How to write a focus group discussion guide

What is a focus group discussion guide?

A focus group discussion guide (sometimes called a topic guide) is a questionnaire for focus groups, and for other types of qualitative research, such as individual depth interviews. It is called a discussion “guide”, rather than a questionnaire, because it is only meant to be a guide. The moderator might decide to deviate from it, perhaps if participants bring up new and relevant areas of discussion.

Number of questions

A focus group typically lasts for 90 or 120 minutes. A good 30-40 minutes of this could be the moderator talking, either asking the questions or probing for detailed answers. So that leaves 60-80 minutes actual "answering" time. However, the first 10 minutes could be introductions and explanations, so that leaves 50-70 minutes of "answering" time.  If you have 10 questions then this could amount to 5-7 minutes per question, for 8 participants to give their answers.  Hence it is very important to plan the discussion guide carefully. So how do you do this?

Interviewer instructions

Very often a discussion guide will include interviewer instructions. These tell the interviewer how to follow up the questions. For example, imagine there is a question "How do you keep healthy?" in the discussion guide. The interviewer (otherwise known as the moderator) will ask this question to the group, without giving any examples or clues. That's because it could be interesting to hear how different participants think of "health".  But, lets say the research is for a health food brand. So after this initial question, the interviewer may want to ask about the role of diet or hydration in keeping healthy. This is what would go in the interviewer instructions.

Clarify your aims and objectives

When you think about how to write a focus group discussion guide you need to consider various factors. Most important among these are the aims and objectives of your research. The more thoroughly you think about these the faster and easier the discussion guide design process will be.

Begin by writing out in as much detail as possible all the reasons why you are doing the research. Consider what specific questions you want answers to, and what decisions you will use the research results to help inform.

For some or all of these questions you may have hypotheses you want to test. What we mean by this is that if the research is designed to find the reasons why something is happening (such as why sales of your goods or services have fallen in the last 3 months), then the hypotheses you want to test would be all the reasons that you and your colleagues think could be to blame. The aim of the research is to source evidence about which, if any, of these reasons is indeed to blame, or whether there are any other reasons.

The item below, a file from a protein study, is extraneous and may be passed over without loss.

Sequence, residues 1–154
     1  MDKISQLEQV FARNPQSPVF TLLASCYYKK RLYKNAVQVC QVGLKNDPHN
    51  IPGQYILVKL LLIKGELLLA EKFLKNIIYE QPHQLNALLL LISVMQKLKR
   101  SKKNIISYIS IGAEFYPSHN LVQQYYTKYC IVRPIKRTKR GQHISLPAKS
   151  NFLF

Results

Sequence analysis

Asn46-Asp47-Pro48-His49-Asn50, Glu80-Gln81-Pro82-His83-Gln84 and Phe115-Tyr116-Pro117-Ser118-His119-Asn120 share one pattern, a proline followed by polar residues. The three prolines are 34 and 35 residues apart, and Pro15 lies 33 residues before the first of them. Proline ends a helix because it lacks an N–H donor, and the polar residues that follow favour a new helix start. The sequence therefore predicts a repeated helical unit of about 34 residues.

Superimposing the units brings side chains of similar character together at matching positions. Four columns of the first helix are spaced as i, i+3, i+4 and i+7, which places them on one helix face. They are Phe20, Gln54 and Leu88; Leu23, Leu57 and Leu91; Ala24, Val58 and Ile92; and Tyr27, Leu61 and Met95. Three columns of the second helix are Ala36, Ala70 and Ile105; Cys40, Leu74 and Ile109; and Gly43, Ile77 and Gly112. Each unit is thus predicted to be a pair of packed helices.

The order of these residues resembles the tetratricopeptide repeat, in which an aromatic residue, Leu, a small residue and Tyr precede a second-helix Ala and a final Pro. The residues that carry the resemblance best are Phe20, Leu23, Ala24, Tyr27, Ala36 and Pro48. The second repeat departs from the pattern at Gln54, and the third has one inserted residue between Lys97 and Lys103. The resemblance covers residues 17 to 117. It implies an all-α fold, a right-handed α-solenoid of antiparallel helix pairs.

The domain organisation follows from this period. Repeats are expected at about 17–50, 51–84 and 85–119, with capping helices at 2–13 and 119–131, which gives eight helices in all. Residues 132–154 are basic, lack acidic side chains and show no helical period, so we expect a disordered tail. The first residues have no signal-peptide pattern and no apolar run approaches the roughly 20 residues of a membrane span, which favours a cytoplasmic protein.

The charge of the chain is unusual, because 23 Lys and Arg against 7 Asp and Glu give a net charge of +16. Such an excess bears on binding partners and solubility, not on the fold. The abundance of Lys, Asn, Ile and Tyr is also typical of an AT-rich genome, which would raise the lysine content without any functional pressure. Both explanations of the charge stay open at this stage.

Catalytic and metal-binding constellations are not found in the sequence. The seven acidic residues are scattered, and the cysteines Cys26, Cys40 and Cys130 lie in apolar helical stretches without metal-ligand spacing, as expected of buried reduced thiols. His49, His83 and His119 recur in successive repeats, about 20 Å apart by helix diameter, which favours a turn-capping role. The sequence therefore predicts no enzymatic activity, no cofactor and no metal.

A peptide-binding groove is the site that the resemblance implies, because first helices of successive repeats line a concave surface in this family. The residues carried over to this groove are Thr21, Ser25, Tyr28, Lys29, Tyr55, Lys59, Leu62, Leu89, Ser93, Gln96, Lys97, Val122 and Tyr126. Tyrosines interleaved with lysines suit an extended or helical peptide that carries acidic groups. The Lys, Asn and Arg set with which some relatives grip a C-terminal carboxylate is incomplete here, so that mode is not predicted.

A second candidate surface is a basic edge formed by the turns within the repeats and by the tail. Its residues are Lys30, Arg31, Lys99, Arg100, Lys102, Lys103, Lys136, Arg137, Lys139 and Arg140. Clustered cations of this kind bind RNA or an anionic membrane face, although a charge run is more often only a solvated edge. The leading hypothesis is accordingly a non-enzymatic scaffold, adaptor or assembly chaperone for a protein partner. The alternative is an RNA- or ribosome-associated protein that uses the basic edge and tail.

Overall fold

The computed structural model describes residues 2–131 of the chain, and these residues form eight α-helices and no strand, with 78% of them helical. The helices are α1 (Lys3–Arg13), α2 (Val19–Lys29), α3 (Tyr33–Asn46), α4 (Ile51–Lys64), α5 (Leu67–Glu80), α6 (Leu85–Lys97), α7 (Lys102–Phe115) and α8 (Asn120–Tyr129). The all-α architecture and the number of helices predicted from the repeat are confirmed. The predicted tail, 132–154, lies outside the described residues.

If you do not go through this preparatory stage you risk omitting something important. Although it seems like extra work, it really is not, and the end result will be better.

You must avoid loading your discussion guide with any and every question that relates to the subject. That's because this will just annoy or tire out your participants, so you'll end up with less insight on the specific questions to which you want answers.

Once you have really thought through the aims of your research, and specific hypotheses to test then you can design the discussion guide.

Warm up section

The first few minutes of your group should be devoted to warming up the participants, making them relaxed in the group setting, and also getting them to start thinking about the subject generally. So usually your first few questions would be very broad, and designed more to get participants relaxed and talking than necessarily finding out anything useful.

Main section

This is when you ask most of your questions. Try to make them so they are not "leading". In other words, if you are exploring reasons for a decline in sales of your products then ask your questions indirectly. For example, you might ask people what they feel about the price of your products, rather than specifically asking if they think they are too high, too low or about right. You might have to ask these specific questions if you don't get the feedback you wanted by asking about price generally. But try not to ask initially.

In fact, try not to even ask about price at all initially. Really you want to see if participants mention it themselves, without being prompted.

Closing section

You may want to spend the last few minutes of your focus group rounding up your understanding of your participants' answers, and giving them time to respond.